Although Arsene Wenger had suggested Alexis Sanchez may play some part at the Britannia stadium, when the teams were announced the Chilean was missing from the squad altogether. As was Mesut Ozil, who we later learned had been ruled out with minor foot inflammation. Thankfully, Arsene expects both players to be available again when we entertain Chelsea a week today, which is just as well based on today’s attacking performance.

With Santi Cazorla missing from our engine room, we were again far from fluent from the middle of the park, and Ozil’s absence unsurprisingly resulted in us lacking creativity as well as rhythm in our play. Alex Oxlade Chamberlain was the man chosen to replace the German in midfield, for what was our only change to the team that started Wednesday’s game at Liverpool.

After conceding a goal in the first minute on our last visit to Stoke, we seemed determined not to let the hosts enjoy another fast start and began the game today bossing possession in the opening exchanges, without creating any goal-scoring opportunities. In fact, the vast majority of the first half was played out in the middle portion of the pitch as both sides failed to establish superiority in the contest.

That said, we did create the clearest opening of the half, and arguably the game, when Joel Campbell sent Olivier Giroud clear on goal down the right with only Jack Butland to beat, but the goalkeeper raced off his line to close down the target and smother Giroud’s shot. Other than that, I can only really recall Oxlade-Chamberlain’s fierce strike from the edge of the box, which was tipped over by Butland, as an instance we came close to scoring in the opening 45.

In the second period, Giroud nearly scored with a header from a corner but saw his effort saved by Butland and Campbell should have done better a little later when he had a sight of goal inside the Stoke penalty area on his favored left foot, but put too much on his curler, sending it high and wide of the far top corner.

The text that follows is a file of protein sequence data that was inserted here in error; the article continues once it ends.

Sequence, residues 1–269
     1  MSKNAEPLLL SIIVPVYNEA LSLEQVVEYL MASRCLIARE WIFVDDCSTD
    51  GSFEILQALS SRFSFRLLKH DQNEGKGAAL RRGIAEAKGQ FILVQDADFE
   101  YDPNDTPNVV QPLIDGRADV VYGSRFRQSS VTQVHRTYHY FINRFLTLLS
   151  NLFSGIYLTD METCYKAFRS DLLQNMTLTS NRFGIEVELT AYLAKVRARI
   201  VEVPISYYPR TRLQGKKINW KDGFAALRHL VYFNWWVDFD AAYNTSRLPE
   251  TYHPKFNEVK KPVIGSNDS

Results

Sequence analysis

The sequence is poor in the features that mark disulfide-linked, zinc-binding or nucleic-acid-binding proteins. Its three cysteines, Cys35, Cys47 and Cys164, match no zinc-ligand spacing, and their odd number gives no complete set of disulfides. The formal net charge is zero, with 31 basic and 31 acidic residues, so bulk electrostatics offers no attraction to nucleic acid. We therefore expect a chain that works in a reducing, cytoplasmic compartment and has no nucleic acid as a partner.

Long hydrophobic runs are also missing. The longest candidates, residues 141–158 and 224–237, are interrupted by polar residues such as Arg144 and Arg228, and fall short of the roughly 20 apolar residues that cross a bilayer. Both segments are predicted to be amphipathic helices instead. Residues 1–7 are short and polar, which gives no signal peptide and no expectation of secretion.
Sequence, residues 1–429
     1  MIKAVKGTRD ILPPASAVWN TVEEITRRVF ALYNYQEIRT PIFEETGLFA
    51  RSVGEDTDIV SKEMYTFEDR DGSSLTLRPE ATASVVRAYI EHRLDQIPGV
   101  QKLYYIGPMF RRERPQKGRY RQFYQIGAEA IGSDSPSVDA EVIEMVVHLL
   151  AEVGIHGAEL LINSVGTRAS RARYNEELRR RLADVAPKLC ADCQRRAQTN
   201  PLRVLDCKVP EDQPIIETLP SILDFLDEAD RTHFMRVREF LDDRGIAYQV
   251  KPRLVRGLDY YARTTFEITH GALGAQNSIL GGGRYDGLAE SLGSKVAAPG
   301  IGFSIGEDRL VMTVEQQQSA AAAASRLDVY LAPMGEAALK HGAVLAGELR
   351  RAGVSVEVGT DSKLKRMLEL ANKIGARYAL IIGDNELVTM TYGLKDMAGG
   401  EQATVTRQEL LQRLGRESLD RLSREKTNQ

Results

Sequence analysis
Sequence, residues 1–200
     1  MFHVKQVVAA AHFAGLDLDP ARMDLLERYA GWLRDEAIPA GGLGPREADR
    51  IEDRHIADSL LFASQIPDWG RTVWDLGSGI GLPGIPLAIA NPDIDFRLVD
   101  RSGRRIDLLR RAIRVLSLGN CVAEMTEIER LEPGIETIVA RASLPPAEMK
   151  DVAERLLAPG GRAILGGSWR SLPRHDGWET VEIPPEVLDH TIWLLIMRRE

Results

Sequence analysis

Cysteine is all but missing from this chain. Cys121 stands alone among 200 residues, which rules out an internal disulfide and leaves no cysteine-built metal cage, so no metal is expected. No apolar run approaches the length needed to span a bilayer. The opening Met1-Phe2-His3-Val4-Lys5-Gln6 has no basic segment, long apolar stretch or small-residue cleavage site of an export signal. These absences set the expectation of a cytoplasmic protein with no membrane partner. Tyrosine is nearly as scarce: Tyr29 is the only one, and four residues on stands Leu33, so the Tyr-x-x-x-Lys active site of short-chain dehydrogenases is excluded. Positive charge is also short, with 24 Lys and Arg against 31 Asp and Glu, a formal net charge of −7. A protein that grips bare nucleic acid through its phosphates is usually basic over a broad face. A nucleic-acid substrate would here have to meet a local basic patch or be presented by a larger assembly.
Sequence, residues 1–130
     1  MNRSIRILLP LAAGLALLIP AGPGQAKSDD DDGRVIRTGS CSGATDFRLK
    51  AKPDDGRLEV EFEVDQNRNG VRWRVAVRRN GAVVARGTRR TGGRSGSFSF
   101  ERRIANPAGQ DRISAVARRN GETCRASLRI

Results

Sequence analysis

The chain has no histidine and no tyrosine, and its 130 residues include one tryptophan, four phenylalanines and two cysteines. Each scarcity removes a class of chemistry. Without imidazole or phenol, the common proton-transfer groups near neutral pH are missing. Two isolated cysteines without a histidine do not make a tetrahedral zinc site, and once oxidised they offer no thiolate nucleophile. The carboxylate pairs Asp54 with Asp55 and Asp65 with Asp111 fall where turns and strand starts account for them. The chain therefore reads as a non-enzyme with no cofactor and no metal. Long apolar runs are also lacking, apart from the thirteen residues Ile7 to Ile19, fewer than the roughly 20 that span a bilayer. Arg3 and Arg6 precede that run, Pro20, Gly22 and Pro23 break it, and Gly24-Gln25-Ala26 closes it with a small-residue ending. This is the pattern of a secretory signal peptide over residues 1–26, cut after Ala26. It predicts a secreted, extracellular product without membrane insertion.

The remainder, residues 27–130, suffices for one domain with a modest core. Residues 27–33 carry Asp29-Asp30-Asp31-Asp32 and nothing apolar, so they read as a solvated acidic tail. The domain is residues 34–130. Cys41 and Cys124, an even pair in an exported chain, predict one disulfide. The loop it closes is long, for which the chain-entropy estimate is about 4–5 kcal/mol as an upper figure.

At the other end, Laurent Koscielny’s poor pass out from defence resulted in Petr Cech been forced into a very impressive double-save. First the keeper denied Joselu, Stoke’s German-born, Spanish striker, before diving to prevent Bojan knocking in the rebound at the near post. It was a typically outstanding piece of keeping that helped Cech claim the man-of-the-match award and again underline how important he is to our side. Then towards the end, as Stoke pressed for a winner, Aaron Ramsey cleared a header off the line before Cech repelled the rebound as Stoke threatened to snatch all three points.

In terms of talking points about individual performances, I thought on the whole we looked solid defensively, with both fullbacks especially impressive. But the distribution of our central defenders – particularly Koscielny – was below their usual standard. In midfield, Mathieu Flamini enjoyed a good game and the Ox tried hard but was still some way away from his best. Ramsey was less adventurous than usual going forwards – I can’t really remember him breaking into the Stoke box at all – and when that happens, he struggles because he’s not really a passer.

In fact, that was one of the most frustrating aspects of our performance for me today – Ramsey’s dreadful passing, and as far as I’m concerned, it really was that bad. I like him a lot as a player and he has many good attributes, but his passing, particularly the seemingly straight-forward, five-yard ones under no pressure, needs serious attention on the training ground.

I would suggest his history at the Britannia and the abhorrent abuse he’s subjected to whenever he plays there should act as mitigation, because that combination would put any player in the world a little off their usual game, but it’s a recurring issue with Aaron unfortunately – he’s just not a very good passer.

Elsewhere Campbell was his usual industrious, silky-smooth self, passing well and tracking back diligently. That said, he should have done better with his chance and like Ramsey and passing, shooting is probably Campbell’s glaring weak point. But overall, he was again one of our better performers.

On the other side though, Theo Walcott really struggled, going missing for long periods, looking clumsy in possession and being far, far, far too easily dispossessed. I’ve been his biggest fan over his Arsenal career and still maintain his problem is more mental – i.e he has the on-pitch personality of a little boy lost – than ability, but in this form he deserves no more than a place on the bench against Chelsea.

I think Walcott’s variety and quality of finishing, at it’s best, is superb, and his pace is virtually peerless, so perhaps what we’re finding out once and for all this season, is that he’s a very good striker, but a very average winger. It was no surprise then, to see him replaced after 70 minutes or so by Alex Iwobi, who instantly brought a bit more composure to our left flank. Calum Chambers for the Ox in added time was our only other substitution so we’ll have to wait to see Mohamed Elneny make his debut, at least until next weekend.